Plaintiff failed to appear on June 4 and we dismissed the case. On June
16, 2003, plaintiff moved to vacate the dismissal order. We granted
plaintiff's motion and the case was reinstated on July 29, 2003.
Plaintiff's attorneys withdrew from the case in October 2003. At a
status hearing on November 12, 2003, attended by plaintiff's new counsel,
we set a discovery schedule and gave plaintiff additional time to serve
any unserved defendants, including Eisenberg. Eisenberg was served on
December 22, 2003. Although presented in a somewhat complex manner, Page and Eisenberg' s
motion to dismiss seems to be grounded in two theories: that our June 4,
2003 dismissal of this case under Rule 41 was a dismissal with prejudice,
and we could not reinstate the case because the statute of limitations
had run; and that the case with respect to Eisenberg should be dismissed
because he was served well beyond the time allowed under Rule 4(m) and
beyond the statute of limitations. We address each argument in turn.
Reinstatement of Plaintiff's Case
Because defendants are essentially objecting to our July 29, 2003
reinstatement of plaintiff's case we construe their motion as a motion to
reconsider. See Peterson v. Lindner, 765 F.2d 698, 704 (7th Cir. 1985)
("Of course, if the order was interlocutory, [the district judge] had the
power to reconsider it at any time before final judgment."). Motions to
reconsider do not have express filing requirements or time constraints.
See Holmes v. City of Aurora, 1995 WL 21606, at *2-3 (N.D. Ill. Jan. 17,
A motion to reconsider is appropriate where: the court has
misunderstood a party; the court has made a decision outside the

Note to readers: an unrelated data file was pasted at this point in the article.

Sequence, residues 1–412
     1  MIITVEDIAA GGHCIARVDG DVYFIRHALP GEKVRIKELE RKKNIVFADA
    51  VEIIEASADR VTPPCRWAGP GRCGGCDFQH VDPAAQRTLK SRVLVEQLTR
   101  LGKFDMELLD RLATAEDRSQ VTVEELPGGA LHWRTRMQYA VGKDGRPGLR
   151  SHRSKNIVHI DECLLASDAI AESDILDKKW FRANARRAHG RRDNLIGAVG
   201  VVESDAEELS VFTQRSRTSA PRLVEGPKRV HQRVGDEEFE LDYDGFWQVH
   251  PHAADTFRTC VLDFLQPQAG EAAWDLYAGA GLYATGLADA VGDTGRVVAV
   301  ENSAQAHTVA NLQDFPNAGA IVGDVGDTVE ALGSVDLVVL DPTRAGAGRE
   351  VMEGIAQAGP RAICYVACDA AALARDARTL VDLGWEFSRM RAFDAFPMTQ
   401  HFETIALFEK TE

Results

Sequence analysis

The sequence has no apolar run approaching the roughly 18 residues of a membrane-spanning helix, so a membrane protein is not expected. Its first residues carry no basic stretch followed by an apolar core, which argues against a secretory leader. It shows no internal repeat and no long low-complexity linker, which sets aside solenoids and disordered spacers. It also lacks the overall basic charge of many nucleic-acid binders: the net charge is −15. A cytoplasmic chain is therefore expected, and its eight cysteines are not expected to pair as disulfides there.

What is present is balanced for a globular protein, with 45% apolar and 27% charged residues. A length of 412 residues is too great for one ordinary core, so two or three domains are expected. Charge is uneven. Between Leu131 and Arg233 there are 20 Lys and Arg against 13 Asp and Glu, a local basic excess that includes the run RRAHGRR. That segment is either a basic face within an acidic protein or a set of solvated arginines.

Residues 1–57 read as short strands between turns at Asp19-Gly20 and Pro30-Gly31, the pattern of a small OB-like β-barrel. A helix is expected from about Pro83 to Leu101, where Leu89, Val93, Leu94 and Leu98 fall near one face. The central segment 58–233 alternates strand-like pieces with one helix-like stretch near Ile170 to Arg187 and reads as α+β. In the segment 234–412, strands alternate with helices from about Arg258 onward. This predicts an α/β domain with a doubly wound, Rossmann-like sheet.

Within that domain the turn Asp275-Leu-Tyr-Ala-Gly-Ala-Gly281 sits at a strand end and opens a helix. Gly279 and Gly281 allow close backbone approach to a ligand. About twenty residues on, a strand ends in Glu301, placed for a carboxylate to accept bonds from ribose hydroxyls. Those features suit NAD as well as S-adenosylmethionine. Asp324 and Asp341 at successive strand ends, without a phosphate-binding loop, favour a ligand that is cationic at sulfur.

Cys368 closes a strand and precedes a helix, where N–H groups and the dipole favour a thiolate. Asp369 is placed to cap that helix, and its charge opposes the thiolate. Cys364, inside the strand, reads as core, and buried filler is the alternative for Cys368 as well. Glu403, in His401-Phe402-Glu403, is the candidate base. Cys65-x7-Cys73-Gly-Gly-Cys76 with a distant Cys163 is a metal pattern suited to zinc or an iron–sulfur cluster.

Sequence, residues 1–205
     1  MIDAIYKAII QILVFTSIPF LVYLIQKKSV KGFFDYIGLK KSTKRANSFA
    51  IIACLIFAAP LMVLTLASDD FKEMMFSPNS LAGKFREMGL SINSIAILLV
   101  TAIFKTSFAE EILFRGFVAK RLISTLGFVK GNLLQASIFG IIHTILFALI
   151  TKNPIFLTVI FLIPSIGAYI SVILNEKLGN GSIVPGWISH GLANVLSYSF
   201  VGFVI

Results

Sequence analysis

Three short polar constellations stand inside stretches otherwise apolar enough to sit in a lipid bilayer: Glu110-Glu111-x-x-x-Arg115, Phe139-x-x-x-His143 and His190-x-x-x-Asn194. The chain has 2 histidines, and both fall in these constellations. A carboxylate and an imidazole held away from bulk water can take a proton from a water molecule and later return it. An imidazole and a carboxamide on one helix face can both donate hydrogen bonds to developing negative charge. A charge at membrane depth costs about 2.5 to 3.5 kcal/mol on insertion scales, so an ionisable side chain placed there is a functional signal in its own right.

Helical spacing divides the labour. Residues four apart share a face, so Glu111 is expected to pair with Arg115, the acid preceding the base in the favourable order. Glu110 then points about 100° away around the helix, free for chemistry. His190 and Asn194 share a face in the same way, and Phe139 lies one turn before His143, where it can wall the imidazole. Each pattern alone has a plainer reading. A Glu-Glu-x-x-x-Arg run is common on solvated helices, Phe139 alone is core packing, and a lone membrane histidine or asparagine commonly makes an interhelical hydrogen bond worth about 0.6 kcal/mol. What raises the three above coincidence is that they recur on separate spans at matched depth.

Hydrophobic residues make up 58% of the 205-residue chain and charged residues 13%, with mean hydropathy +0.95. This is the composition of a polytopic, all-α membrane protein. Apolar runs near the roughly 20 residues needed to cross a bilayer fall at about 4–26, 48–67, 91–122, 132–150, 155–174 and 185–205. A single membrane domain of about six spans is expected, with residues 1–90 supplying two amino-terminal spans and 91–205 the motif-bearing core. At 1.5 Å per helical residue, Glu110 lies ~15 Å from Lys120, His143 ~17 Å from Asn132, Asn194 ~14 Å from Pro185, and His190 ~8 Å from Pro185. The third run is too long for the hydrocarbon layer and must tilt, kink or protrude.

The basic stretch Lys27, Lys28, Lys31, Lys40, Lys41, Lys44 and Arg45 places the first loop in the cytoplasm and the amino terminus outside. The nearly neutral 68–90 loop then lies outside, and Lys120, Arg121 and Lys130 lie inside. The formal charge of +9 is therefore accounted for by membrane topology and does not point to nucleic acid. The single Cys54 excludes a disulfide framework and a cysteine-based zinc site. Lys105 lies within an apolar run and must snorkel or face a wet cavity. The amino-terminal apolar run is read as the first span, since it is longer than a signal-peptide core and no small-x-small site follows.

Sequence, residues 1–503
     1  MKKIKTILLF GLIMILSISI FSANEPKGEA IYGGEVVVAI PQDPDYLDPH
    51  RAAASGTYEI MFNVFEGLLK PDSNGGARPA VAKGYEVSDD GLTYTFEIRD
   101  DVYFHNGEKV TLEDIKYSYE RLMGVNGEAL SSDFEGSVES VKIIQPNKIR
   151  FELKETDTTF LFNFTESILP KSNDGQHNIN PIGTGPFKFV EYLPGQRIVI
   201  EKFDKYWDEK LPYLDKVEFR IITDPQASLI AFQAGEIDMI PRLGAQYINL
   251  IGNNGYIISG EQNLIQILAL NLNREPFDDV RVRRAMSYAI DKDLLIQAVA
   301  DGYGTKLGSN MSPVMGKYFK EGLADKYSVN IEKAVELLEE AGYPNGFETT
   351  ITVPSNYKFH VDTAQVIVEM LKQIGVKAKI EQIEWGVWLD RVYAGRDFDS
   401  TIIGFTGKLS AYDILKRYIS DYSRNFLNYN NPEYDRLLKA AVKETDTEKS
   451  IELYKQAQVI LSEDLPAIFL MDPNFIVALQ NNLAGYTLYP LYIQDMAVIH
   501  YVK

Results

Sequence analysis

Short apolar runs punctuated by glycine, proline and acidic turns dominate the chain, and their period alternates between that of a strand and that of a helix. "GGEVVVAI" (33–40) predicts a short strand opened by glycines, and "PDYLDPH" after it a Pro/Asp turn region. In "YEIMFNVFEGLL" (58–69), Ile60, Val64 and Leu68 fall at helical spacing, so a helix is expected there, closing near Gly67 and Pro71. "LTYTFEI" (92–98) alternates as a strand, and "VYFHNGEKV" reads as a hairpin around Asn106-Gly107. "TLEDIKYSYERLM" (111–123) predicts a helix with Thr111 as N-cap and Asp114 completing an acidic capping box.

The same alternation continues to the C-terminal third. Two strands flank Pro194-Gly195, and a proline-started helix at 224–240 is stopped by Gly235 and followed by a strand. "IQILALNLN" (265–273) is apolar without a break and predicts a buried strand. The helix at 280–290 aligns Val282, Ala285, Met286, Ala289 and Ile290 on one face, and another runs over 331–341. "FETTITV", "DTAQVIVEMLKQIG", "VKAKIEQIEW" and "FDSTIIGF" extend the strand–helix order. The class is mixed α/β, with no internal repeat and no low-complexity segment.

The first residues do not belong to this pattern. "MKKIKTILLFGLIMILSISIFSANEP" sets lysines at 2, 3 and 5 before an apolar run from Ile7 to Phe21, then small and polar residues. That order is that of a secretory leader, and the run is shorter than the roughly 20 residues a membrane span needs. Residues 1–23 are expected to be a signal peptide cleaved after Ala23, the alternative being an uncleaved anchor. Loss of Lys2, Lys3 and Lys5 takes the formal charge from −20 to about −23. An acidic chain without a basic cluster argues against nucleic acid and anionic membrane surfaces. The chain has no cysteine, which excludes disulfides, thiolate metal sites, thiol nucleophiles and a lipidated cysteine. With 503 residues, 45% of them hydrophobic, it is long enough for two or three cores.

adversarial issues presented to the court by the parties; the court has
made aft error of apprehension (not of reasoning); a significant change
in the law has occurred; or significant new facts have been discovered.
Bank of Waunakee v. Rochester Cheese Sales, Inc., 906 F.2d 1185, 1191
(7th Cir. 1990). Motions to reconsider are not the time to rehash old
arguments or tender new legal theories. Rothwell Cotton Co. v. Rosenthal
& Co., 827 F.2d 246, 251 (7th Cir. 1987) (internal citation omitted);
Holmes, 1995 WL 21606, at . Defendants do not now seem to advance any of the arguments listed above
that warrant a fresh examination of the issue. They suggest that this
Court made an error of reasoning, saying that our June 4, 2003 dismissal
of this case was "a permanent one and effectively with prejudice." (Mot.
to Dismiss at 3.) According to defendants, the statute of limitations on
this case ran out on September 28, 2001, the day the case was filed. They
go on to say that "plaintiff's right to sue anyone permanently ended on
June 4, 2003, the day [this Court] dismissed this case for want of
prosecution." (Id, at 6.) Thus, say defendants, we had no jurisdiction to
vacate the dismissal order because the lawsuit had essentially expired.
(Id. at 3.)
As noted above, a motion to reconsider is not the proper vehicle to
address an error of reasoning. See Bank of Waunakee, 906 F.2d at 1191.
Even if we do reconsider our decision to reinstate the case, however,
defendants are incorrect in assuming that the reinstatement acted as a
new filing and therefore implicates statute of limitations concerns.
Following our dismissal of the case, plaintiff moved to vacate the
dismissal order. Under Rule 60(b), we can grant relief from judgment
under certain circumstances, and we exercised our discretion under this
Rule to grant plaintiff's motion and reinstate the case. See 3 Penny
Theater Corp. v. Plitt Theatres, Inc., 812 F.2d 337, 340-41 (7th Cir.
1987) (discussing dismissal under Rule 41(b), reinstatement of case under
Rule 60(b) and court's discretion under both rules). In granting
plaintiff's motion, we effectively revived the original case, thus
avoiding any statute of limitations problem associated with filing a new